Lastly, but mostly, I’m tired of feeling completely unappreciated.  Administration…I’m coming for you.  For the love of God…say THANK YOU.  Tell me I’m doing a good job.  Find one good thing to say about me and my classroom.  And say it to ME!  I’m not expecting this every single day, but every once in a while can’t hurt.  Oh…so you don’t think I’m doing a good job?  Tell me constructively and help me make it better.  The same way I am supposed to do these things with my students.

I love my students, each and every year, even the tough ones (sometimes they are actually my favorite ones), but I’m so tired of faking enthusiasm every single day.  I read a post somewhere the other day that said “Kids deserve an excited adult”.  Maybe they do, but I don’t think that’s me anymore.  I’m doing this because I’m good at it, I have great benefits, and my pay really isn’t that bad.  But my drive is gone.  My optimism is gone.  My excitement is gone.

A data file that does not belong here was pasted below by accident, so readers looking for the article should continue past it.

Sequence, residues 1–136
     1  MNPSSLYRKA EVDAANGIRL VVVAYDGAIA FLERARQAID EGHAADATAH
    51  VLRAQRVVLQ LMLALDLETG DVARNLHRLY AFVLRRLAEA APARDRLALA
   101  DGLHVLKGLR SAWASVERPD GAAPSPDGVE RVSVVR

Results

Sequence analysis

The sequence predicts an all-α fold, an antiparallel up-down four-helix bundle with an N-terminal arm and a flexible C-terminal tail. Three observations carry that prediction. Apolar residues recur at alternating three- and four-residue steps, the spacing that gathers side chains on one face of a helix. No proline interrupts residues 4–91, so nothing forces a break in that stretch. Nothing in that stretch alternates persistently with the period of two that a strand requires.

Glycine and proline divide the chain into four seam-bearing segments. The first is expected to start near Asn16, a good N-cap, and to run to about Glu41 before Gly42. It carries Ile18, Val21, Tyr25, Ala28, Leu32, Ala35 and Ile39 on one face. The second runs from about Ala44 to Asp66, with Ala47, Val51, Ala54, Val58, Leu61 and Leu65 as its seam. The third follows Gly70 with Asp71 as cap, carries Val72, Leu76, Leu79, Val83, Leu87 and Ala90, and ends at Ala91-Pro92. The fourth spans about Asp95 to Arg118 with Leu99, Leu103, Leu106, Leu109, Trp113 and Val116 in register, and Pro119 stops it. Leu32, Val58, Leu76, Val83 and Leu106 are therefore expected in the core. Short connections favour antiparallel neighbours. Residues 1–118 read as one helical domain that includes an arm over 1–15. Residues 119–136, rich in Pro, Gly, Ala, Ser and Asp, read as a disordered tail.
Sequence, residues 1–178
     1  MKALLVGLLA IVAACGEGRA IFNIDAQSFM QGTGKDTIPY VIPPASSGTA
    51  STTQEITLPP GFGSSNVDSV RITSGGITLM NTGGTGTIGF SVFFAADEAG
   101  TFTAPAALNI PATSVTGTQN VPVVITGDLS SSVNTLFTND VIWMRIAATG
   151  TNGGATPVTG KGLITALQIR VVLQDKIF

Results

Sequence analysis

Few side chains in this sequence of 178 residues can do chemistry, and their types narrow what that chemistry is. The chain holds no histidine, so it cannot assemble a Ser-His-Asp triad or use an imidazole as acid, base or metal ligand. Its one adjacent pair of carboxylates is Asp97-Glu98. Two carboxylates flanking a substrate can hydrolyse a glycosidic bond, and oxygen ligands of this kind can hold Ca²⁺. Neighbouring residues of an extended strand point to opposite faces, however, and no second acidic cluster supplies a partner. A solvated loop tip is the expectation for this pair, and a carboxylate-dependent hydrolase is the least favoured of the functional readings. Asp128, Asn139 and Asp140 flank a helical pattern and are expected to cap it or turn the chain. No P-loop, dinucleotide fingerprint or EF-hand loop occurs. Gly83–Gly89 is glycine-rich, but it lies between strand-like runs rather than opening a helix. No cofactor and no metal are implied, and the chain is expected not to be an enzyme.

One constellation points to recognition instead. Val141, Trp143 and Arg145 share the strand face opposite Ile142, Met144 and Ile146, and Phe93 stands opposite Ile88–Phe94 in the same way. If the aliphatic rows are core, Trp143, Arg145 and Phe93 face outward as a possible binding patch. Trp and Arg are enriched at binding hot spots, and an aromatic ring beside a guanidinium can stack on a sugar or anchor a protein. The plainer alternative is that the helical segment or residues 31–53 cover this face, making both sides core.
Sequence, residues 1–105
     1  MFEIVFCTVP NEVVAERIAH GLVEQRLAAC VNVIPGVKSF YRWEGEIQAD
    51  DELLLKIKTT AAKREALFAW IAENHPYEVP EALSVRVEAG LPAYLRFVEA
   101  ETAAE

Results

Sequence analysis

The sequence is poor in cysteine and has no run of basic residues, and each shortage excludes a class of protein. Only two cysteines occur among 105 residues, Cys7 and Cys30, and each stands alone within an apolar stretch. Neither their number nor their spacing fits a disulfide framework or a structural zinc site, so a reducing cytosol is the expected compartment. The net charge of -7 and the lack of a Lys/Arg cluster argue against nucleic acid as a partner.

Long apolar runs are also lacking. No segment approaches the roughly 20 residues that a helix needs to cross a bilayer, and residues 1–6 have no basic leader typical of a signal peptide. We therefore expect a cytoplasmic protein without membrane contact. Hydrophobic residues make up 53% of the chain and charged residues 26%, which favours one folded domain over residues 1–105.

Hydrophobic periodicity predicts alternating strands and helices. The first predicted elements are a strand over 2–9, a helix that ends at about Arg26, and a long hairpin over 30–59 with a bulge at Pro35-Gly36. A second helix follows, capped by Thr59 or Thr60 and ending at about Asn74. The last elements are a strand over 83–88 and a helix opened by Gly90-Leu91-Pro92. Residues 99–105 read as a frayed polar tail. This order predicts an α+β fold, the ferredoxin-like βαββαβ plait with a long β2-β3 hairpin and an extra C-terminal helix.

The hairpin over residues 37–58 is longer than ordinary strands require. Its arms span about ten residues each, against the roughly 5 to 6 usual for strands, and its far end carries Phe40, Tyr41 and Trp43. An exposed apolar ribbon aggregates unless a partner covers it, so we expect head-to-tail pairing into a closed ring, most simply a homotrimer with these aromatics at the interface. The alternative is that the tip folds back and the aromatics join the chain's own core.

But in all seriousness I don’t know what else I’d do.  I just wish I had time to be able to figure it out.

teacher_life_grande

Drowning on Dry Land

It’s 8:37 and I’ve officially sat down for the first time today (if you don’t count the commute to and from work, which I don’t).  After leaving the house at 7:00 am and returning home at 4:30 I proceeded to all the mom things I do every day: make dinner, pack lunches, play, read, check folders, baths and showers, bed time, etc. etc. etc.

And now, at 8:37, after working a full day with East Baltimore 3rd graders, and coming home to my second (and most important full time job), I’m finally sitting down.